I remember the first time I heard about visualization. I was in college, and I had stumbled upon the book “Creative Visualization” by Shakti Gawain. I read and reread that book cover to cover. It seemed to provide an easy solution to all of the problems in my life. Simply visualize myself living the life I wanted, having all of the things my heart desired and achieving everything I aspired to accomplish. And then – like magic if I did it correctly – my life would be transformed.
Apparently I didn’t do it right, because I’m still waiting for the ponies and rainbows and leprechauns with overflowing pots of gold to show up …
It wasn’t for lack of trying. I tried really, really hard. I snapped up the many books that have since come out, all variations on the same theme, searching for the secrets of this technique. I got really good at vividly “seeing” what I wanted, and experiencing it with all five senses, just like the books said.
The funny thing is, the areas of my life where I spent a lot of time and energy visualizing were the areas where I made the least progress. And the areas of my life where I was most successful were the ones where I simply set a goal, figured out what I needed to do to get there, and got to work walking out the steps.
I figured it was because I had some major subconscious blocks, or maybe my energy vibrations were off, or my chakras were clogged… something mysterious had to be going on, because visualization just wasn’t working for me the way it was supposed to.
At least, that’s what I thought…
The Science Behind Visualization
Not long ago I stumbled onto a reference to a set of scientific studies evaluating different visualization strategies… and the proverbial light bulb went on. Not only was I visualizing the wrong thing, but the way I was going about visualization may actually have been sabotaging my chances of success.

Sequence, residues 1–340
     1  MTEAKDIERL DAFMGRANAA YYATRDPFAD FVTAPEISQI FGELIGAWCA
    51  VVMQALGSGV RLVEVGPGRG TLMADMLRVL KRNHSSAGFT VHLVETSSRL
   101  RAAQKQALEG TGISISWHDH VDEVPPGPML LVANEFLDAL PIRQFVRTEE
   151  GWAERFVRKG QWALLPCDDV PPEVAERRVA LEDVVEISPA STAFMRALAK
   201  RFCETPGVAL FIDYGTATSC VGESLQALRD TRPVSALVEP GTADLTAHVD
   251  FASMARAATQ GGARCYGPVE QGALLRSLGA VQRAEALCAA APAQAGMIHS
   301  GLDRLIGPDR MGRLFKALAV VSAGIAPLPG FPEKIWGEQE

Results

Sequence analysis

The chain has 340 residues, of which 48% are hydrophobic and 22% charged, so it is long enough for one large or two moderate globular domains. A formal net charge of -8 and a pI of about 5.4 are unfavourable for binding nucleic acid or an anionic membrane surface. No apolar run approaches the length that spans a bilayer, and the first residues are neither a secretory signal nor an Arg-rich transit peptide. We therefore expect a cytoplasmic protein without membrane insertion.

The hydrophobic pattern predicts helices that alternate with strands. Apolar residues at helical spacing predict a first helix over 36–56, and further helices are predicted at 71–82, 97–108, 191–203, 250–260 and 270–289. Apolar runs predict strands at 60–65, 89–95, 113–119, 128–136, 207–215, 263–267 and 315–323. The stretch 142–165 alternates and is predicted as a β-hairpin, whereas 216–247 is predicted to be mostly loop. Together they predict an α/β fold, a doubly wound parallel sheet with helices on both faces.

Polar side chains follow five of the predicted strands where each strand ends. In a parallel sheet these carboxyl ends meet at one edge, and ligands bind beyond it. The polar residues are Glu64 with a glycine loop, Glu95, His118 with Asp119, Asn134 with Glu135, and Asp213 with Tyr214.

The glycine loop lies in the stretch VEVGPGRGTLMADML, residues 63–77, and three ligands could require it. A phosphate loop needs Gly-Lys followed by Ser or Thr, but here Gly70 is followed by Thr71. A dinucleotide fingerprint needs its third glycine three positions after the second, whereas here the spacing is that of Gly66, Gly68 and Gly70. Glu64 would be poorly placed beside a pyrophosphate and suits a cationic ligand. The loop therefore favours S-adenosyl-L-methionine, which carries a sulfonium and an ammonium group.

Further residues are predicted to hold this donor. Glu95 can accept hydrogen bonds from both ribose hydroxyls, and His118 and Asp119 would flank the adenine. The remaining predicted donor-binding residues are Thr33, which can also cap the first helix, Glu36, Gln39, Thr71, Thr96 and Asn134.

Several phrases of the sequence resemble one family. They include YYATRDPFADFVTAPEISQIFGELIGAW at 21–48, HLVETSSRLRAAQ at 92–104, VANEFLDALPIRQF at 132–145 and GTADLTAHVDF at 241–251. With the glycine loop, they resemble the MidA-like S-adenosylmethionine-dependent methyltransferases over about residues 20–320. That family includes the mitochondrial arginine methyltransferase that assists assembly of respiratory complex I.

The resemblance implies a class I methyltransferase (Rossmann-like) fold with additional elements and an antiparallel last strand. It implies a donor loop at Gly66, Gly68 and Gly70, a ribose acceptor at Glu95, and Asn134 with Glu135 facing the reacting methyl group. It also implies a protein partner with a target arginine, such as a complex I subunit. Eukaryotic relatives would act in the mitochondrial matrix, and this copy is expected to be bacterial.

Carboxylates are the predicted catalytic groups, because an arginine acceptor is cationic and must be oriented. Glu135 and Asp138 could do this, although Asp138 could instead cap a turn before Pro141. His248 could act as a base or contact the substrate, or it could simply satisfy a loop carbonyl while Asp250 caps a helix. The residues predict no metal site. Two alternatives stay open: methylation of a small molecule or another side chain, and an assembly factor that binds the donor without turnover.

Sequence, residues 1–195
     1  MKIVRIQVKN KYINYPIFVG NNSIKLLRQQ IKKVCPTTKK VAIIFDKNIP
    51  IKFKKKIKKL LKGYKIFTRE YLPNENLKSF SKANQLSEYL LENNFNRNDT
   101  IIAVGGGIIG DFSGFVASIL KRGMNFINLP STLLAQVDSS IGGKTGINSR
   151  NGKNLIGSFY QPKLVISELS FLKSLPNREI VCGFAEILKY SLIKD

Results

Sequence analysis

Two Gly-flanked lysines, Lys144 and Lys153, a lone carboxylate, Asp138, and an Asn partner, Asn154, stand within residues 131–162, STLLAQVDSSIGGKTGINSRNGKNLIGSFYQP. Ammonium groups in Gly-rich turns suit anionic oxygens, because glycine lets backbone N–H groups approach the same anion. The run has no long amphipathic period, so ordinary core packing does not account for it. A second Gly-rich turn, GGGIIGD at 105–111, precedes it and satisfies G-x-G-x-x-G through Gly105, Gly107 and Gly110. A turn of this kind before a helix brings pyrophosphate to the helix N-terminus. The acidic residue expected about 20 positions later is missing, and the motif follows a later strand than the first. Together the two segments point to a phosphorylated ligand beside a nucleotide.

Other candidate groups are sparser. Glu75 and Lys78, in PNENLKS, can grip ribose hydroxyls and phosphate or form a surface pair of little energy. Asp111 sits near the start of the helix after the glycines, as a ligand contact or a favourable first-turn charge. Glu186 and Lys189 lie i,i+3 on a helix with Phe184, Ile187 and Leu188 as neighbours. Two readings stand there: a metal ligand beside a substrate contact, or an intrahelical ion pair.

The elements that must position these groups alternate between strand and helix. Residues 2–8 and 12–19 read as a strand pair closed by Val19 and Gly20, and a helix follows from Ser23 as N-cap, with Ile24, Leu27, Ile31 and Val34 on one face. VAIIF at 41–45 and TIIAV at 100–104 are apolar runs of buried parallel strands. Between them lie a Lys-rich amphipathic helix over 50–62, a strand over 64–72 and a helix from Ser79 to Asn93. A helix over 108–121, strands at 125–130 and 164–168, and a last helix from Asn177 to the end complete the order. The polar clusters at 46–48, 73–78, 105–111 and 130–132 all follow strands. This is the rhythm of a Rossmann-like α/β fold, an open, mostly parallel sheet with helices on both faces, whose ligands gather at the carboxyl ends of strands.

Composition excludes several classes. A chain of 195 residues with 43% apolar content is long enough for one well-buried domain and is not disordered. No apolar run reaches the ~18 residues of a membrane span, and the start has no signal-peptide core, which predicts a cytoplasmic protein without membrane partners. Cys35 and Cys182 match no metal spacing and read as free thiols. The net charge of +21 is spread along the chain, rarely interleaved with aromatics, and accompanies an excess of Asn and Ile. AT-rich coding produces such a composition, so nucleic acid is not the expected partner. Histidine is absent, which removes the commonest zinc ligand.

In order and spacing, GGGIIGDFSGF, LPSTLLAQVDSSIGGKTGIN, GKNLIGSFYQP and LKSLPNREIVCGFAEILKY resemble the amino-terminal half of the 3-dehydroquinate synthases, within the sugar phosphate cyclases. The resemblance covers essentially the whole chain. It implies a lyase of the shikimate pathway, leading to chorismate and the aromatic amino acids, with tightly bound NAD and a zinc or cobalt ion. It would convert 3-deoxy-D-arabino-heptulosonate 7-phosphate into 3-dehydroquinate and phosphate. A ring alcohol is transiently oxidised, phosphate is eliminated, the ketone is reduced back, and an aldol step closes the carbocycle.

First, in a series of studies, researchers divided a class of college students into three groups, one of which was instructed to visualize their desired outcome (e.g., getting an “A” on an exam), the second group was told to visualize the process needed to achieve the goal (e.g., study sessions, spending time in the library, etc…), and the third ‘control’ group didn’t do any visualization. Perhaps it’s not surprising, but the group that visualized the process performed the best, studied the most, and achieved higher grades than the other two groups. But here’s the real shocker: the group of students who visualized themselves getting good grades performed the worst across the board. Students who didn’t visualize at all were better off. (1)
But, that’s just one set of studies, right? And it makes no sense, right?
Well, actually, there have been other studies that show the same thing (2-5), and they start to explain the reason for this bizarre and unexpected outcome. It all has to do with how the brain operates. You see, our brains can’t really tell the difference between a ‘real’ experience and something we vividly imagine – an intense fantasy will trigger the same physiologic reactions as if we experienced the same thing in real life (this is why your heart is racing and you’re dripping with sweat when you wake up from a nightmare).
This is the argument for how creative visualization is supposed to work – your subconscious comes to believe that whatever you are visualizing is real, and is therefore compelled to create the equivalent experience in the 3D physical world.
Sounds logical. Except for one thing – your brain already got its payoff during the visualization session, and that actually decreases the motivation and energy to take the actions necessary to pursue the idealized future we visualized in the real world.
A series of studies by psychologists Heather Barry Kappes and Gabriele Oettingen showed that positive fantasies (i.e., visualizing an idealized future event) were associated with lower energy, measured by physiological and behavioral changes, compared with questioning, negative, or neutral fantasies. The kicker is that the positive images lowered energy the most when they were associated with a more important, compared with a less important, need. (6)